As I mentioned before, this is a place to carefully consider your beliefs, especially about how entwined body and soul are. Some pagans believe that the soul cannot freely cross to the next life unless all parts of it receive proper disposition. Some believe that it is an absolute moral responsibility to donate organs. Where do you fall? If you're going to donate organs, or donate your cadaver to science, make absolutely sure that not only is this on your driver's license or whatever your locality uses to identify organ donors, but that either your next of kin or the person who holds your power of attorney knows your exact wishes. Write them down in a letter, maybe, so that they can refer to it if necessary. There are state and national registries of organ donors. Whatever your decision, go look yourself up in them and make sure you are correctly recorded (or not). You can find more information on the practicalities of organ and cadaver donation at the following sites:
Who needs a will?
Answer: you do. If you have stuff, and you want it to go to somebody specific, you need a will. This includes intellectual property like creative works and patents. If you have minor children, then you really need a will, because you need to specify whom you want to take them and how you want your money to support them. A few common misconceptions about wills:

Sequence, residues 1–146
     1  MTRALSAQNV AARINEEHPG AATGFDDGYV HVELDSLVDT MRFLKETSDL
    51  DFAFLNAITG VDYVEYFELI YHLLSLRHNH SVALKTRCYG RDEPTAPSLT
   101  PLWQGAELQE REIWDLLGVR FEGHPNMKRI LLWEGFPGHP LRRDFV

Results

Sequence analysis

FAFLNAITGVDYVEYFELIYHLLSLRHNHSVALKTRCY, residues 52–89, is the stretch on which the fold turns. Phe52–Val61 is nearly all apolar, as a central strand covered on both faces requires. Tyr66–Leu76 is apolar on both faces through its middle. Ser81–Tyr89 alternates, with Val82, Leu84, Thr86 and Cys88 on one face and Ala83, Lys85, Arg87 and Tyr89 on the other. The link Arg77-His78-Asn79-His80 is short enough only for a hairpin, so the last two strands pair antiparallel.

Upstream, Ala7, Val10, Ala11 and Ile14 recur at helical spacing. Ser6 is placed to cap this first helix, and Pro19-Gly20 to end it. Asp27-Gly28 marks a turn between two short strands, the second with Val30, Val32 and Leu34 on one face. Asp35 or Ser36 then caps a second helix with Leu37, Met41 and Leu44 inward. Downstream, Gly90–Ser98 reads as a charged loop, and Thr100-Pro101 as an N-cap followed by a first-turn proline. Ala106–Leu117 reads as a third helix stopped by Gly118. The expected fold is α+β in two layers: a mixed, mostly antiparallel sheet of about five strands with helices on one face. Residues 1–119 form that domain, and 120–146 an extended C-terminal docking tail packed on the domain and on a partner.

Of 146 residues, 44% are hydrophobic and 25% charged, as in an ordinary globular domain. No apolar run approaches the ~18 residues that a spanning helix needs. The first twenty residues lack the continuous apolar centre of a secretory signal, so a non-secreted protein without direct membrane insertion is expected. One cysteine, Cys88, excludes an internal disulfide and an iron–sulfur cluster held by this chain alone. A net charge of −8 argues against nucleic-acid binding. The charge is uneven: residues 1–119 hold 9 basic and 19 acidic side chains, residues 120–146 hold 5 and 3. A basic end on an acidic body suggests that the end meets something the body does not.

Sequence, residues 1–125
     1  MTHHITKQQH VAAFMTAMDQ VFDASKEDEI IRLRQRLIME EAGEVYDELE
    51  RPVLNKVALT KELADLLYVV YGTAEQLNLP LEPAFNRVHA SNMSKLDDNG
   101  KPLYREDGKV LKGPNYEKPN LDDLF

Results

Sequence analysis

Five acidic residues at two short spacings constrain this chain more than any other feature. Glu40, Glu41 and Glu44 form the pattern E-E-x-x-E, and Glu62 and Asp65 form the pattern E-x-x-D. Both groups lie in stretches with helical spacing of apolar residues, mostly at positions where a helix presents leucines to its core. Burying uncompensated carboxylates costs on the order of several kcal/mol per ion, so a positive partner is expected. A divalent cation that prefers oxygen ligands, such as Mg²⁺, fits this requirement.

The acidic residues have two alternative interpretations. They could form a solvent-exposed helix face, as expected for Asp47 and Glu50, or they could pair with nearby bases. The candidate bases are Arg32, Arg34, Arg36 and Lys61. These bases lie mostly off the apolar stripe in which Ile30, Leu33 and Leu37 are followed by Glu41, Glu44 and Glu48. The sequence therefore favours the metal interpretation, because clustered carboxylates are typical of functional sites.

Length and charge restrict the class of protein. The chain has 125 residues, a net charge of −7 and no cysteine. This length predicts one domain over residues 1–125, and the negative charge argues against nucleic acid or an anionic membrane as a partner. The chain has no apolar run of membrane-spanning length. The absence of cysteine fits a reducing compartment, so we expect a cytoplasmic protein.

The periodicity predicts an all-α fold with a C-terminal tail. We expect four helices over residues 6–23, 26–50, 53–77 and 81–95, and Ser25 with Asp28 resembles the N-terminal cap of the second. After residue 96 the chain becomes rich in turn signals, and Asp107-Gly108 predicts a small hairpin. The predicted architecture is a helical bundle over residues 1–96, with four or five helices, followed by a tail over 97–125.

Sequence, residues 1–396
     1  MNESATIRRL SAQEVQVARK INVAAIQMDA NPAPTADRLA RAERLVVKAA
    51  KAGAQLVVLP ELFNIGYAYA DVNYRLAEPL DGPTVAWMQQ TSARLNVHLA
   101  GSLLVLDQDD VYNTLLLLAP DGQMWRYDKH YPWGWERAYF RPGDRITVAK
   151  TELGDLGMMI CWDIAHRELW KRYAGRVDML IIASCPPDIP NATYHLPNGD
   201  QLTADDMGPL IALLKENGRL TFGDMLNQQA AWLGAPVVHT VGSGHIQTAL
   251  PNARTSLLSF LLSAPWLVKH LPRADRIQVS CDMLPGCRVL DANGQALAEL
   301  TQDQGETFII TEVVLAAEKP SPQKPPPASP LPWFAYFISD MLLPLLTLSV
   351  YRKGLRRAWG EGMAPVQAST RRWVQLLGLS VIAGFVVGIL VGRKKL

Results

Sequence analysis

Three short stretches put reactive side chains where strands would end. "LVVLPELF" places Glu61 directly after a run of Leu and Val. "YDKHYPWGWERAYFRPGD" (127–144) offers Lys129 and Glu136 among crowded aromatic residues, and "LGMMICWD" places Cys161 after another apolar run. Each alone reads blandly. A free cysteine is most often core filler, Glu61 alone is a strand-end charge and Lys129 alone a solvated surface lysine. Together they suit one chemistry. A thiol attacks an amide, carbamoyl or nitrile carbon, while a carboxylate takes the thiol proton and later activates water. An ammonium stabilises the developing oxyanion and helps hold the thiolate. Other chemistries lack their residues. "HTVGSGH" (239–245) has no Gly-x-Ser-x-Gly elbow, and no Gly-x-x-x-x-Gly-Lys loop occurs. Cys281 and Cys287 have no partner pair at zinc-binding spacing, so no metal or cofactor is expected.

You need a lawyer to make a will.
No. There are all kinds of DIY will kits and software and online services that allow you to quickly and easily make a basic will, if your needs are not complicated. There are several links on https://www.joincake.com/ and you can find some good stuff on http://nolo.com .
Your will is permanent and cannot be changed.
Not only is this not true, but you should make a new will every ten years, or whenever a major change in your life happens, such as marriage, divorce, birth of a child, death of a beneficiary, buying real estate, or anything else that significantly affects what's in it now.
You don't need a will if you don't own real estate or have a lot of money, or if you aren't old or sick.
If you own a car, you need a will. If you own a business, you need a will. If you are a creative person, you need a will. If you have minor children, you need a will. If you have stuff, and you want it to go to specific people, you need a will.
You don't need a will because you can just tell people what you want.